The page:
What does the D.L. stand for, and when and where was D.L. Stieg born?
David Lawrence Stieg was born October 22, 1948, in Brooklyn, New York.
Why do the recordings sound so different compared to other popular music recordings?
There are two reasons, the first being that the recordings do not include bass, drums, lead guitar tracks, or solo instrumental tracks. The sound thus created is much like the sound produced by a solo or duet acoustic act playing in a music venue. But more importantly, the sound thus produced is analogous to the sound produced by acoustic musicians making music in their own space without the contributions of backing musicians like a bass player, a drummer or percussionist, or a solo instrumentalist. The second reason is that the recordings are not professional studio productions. I have been operating on a shoestring budget from the outset, so I could never afford booking studio time or purchasing sophisticated recording equipment. I have therefore had no choice but to record music using primitive software and antiquated equipment (ie. the PA head and a microphone I used in the 1970s when I was playing solo gigs).
What sort of gigs were available in the 1970s for acoustic performers?
In the 1970s there were numerous small clubs and coffeehouses that had bands on weekend nights, and ran acoustic solo or duo acts on weeknights. It was also not uncommon at that time for restaurants to feature live acoustic music, usually solo performers. I had successful runs as a solo acoustic act, albeit on a local level, in Colorado (Greeley), Massachussetts (Springfield), and California (Santa Barbara and Palo Alto). Gigs typically called for 3 or 4 sets of 40 or 45 minutes each, and paid about $30.
Why does D.L. Stieg no longer perform live, even on a podcast or a streaming platform?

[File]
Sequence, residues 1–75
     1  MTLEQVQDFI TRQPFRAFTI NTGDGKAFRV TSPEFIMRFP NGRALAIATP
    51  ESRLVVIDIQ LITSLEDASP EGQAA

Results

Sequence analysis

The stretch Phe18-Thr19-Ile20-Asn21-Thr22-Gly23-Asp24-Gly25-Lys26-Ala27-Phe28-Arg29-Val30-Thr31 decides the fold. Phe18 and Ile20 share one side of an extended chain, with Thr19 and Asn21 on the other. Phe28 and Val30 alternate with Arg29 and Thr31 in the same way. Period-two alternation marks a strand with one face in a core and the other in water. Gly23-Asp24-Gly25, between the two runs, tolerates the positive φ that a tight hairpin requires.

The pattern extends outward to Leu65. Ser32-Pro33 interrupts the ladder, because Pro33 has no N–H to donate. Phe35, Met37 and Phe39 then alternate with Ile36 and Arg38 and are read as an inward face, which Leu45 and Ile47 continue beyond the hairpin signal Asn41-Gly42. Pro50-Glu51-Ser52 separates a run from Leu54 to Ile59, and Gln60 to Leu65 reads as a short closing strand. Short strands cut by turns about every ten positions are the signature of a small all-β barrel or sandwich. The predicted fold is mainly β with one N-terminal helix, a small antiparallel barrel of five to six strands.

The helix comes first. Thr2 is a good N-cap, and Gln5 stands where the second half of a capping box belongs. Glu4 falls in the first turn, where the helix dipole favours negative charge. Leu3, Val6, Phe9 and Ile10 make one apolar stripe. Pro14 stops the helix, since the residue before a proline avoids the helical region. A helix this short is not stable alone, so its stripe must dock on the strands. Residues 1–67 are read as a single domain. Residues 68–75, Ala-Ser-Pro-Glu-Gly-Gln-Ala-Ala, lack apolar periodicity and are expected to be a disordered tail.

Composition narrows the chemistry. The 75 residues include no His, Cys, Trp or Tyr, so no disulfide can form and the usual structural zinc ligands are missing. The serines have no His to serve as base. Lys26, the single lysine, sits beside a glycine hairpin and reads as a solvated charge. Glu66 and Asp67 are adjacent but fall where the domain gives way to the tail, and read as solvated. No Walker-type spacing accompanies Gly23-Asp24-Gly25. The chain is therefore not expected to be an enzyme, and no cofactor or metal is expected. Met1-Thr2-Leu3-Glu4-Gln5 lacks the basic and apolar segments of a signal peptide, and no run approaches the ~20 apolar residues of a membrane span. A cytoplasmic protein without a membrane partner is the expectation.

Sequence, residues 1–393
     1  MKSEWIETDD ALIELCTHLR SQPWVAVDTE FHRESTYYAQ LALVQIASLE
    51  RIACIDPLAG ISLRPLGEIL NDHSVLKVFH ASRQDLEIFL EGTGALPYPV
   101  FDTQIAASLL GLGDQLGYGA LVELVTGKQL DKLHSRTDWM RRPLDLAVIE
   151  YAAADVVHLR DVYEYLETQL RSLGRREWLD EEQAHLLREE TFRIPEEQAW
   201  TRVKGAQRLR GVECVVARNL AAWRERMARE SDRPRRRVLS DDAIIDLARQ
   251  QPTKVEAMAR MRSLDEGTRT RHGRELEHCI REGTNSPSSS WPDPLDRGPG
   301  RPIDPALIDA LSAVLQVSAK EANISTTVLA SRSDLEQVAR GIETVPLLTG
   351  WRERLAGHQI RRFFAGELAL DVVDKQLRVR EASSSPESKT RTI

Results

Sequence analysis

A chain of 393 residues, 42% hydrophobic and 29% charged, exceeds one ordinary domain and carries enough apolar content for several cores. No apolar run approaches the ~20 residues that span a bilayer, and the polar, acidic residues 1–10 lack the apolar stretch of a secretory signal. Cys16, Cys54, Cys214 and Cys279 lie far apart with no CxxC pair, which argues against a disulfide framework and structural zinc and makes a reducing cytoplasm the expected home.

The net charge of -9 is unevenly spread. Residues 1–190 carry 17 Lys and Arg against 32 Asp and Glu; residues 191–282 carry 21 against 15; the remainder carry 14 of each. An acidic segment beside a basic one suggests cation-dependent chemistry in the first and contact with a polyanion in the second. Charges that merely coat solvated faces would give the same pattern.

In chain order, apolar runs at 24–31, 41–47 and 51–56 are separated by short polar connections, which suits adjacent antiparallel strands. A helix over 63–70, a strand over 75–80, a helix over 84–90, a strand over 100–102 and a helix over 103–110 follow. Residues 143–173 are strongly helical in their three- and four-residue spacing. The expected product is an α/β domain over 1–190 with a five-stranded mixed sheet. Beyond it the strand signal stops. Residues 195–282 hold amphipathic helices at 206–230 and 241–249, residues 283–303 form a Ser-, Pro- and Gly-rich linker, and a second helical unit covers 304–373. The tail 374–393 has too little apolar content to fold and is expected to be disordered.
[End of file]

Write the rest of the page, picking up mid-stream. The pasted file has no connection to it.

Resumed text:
I suppose I could for a song or two maybe, but unfortunately I have physical limitations (COPD and easily fatigued hands and left forearm) that would make it nearly impossible for me to complete an entire set. My performance on recordings is sometimes made possible by using multiple takes. For some songs that are challenging vocally, I have to record every other phrase of the vocal line each time through so I can catch my breath in between. For some songs that are challenging for guitar, my fretting hand and/or forearm give way before I can finish the song, so I have to go back and record the end of the song on a second take.
Who invented the song chart system used on this website, and when was it invented?
The song chart system was invented in 1981 by D.L. Stieg, who about seven years earlier invented visualinear tablature, the guitar notational system on which the song chart system is based.
How is it possible to show the required chord changes for playing practically any song on a single page?
The required information (what are the chords, and when do you change from each chord to the next) can be shown by breaking the song down into component parts or sections, by using repeat signs whenever possible, by notating only once parts or sections that are repeated non-consecutively, and by showing the order in which the parts or sections should be played at the bottom of the page. (See the About Charts page of this website)